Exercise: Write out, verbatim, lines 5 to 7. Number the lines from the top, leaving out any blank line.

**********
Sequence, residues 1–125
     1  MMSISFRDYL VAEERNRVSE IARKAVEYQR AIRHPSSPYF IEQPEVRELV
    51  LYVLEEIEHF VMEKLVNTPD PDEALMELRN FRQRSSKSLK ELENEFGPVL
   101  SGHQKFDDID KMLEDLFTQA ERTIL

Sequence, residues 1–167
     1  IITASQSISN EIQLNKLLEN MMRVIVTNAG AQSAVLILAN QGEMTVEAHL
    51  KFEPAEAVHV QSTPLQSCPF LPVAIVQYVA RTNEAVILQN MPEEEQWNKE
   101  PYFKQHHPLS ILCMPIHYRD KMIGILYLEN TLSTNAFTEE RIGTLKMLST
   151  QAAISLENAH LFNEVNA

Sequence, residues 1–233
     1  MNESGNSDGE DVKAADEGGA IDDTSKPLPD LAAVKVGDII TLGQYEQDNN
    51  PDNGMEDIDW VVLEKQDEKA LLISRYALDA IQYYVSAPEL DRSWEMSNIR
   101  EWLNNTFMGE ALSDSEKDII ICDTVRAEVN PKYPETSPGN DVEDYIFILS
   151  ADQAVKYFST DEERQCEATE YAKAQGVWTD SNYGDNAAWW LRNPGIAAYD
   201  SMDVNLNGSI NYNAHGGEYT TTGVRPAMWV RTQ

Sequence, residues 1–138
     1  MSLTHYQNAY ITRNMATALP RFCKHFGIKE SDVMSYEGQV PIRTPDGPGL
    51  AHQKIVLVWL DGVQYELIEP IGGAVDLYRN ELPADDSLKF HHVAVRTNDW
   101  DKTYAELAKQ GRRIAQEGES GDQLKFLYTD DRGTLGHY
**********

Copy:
Sequence, residues 1–167
     1  IITASQSISN EIQLNKLLEN MMRVIVTNAG AQSAVLILAN QGEMTVEAHL
    51  KFEPAEAVHV QSTPLQSCPF LPVAIVQYVA RTNEAVILQN MPEEEQWNKE